We've seen enough to be excited about Murray heading into Year 2, but there are plenty of concerns, as well. He ranked last in the league in clean-pocket passing grade and just 27th out of 39 qualifiers at avoiding negatively graded throws — two areas that remain stable for quarterbacks. The addition of DeAndre Hopkins should allow Murray to play more aggressively at all levels of the field while opening up the rest of the receiving corps to play to their respective strengths. Murray’s athleticism brings a baseline of production to the offense in the running game, and the better supporting cast should lend itself to a better season in Year 2.
A midseason trade for Kenyan Drake worked out for both sides, as he averaged 5.3 yards per carry after averaging only 3.7 in his first six games with the Dolphins. Drake has the burst to make do when given space to run, and that's exactly what happened in Arizona's spread-heavy system.
Backup running back Chase Edmonds also averaged over 5.1 yards per carry last season, posting a strong 76.3 rushing grade. Most importantly, Cardinals running backs averaged 2.06 yards before contact per rush last season — second-highest in the NFL — so that spread rushing attack is off to a good start despite the run-blocking grades not matching the production.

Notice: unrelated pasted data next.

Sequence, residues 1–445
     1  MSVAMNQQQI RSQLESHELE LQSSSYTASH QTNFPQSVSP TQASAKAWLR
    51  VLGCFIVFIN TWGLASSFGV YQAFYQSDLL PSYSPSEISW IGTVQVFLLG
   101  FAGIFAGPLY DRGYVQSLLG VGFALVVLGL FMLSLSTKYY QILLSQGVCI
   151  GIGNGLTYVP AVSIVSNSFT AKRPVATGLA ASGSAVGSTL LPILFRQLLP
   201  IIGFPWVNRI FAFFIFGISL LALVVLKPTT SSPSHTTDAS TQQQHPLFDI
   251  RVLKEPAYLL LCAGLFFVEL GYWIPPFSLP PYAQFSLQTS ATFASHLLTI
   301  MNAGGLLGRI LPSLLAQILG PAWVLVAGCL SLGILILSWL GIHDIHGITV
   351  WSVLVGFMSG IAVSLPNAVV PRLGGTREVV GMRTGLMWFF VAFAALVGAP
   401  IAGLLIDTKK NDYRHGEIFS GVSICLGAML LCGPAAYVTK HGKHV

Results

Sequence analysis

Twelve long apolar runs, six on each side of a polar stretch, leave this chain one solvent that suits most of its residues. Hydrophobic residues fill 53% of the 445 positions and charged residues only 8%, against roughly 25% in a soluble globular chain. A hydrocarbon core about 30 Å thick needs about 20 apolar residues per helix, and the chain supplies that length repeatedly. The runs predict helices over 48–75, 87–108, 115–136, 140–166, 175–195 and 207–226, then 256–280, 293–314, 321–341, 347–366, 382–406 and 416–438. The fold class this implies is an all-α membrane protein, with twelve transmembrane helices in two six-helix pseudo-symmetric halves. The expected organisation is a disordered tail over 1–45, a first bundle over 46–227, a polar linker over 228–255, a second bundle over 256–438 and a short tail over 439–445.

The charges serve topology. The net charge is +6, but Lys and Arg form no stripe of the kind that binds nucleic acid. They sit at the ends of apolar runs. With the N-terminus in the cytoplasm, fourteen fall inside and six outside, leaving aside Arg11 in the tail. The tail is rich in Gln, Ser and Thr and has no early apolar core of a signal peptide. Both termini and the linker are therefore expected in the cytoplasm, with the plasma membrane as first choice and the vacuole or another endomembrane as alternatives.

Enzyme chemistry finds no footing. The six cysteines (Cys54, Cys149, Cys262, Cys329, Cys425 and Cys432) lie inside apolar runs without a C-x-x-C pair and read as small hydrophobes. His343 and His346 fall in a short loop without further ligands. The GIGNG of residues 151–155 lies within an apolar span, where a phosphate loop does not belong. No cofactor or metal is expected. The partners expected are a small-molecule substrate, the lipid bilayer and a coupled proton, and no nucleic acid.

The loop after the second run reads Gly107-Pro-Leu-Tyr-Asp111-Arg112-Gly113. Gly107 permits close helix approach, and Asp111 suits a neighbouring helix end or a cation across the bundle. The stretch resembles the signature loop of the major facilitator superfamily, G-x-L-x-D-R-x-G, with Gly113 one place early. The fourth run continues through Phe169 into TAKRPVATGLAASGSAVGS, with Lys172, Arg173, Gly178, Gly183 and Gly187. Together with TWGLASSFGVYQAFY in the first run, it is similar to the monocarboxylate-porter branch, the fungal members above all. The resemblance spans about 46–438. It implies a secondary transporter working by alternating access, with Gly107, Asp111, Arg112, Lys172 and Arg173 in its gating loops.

The Cardinals also added seventh-round pick Eno Benjamin, another tackle-breaker with the big-play potential to benefit from their system. The big question heading into 2020 is whether Drake's production continues and if the Cardinals can get more out of the passing game from their top backs.
Arizona’s receiving corps is starting to take shape with DeAndre Hopkins now in the mix. He is one of the best move-the-chains options in the NFL and will immediately become a weapon for Kyler Murray in the middle of the field and in the back-shoulder game. Hopkins’ presence takes the pressure off Larry Fitzgerald, who rarely drops passes and is still a viable possession receiver. However, he's more of a complementary option at this point in his career.
Fitzgerald tied for the league lead with 24 catches on screens last season, and while he’s OK after the catch, those are passes that are better off going to Christian Kirk or Andy Isabella this season, as they bring more explosiveness with the ball in their hands. Kirk averaged just 10.4 yards per reception last year on 68 catches, while Isabella saw the field just 157 times as a rookie, flashing his big-play ability with 21.0 yards per reception — including an 88-yarder. Both players should be used down the field more often while Hopkins and Fitzgerald work the short and intermediate game.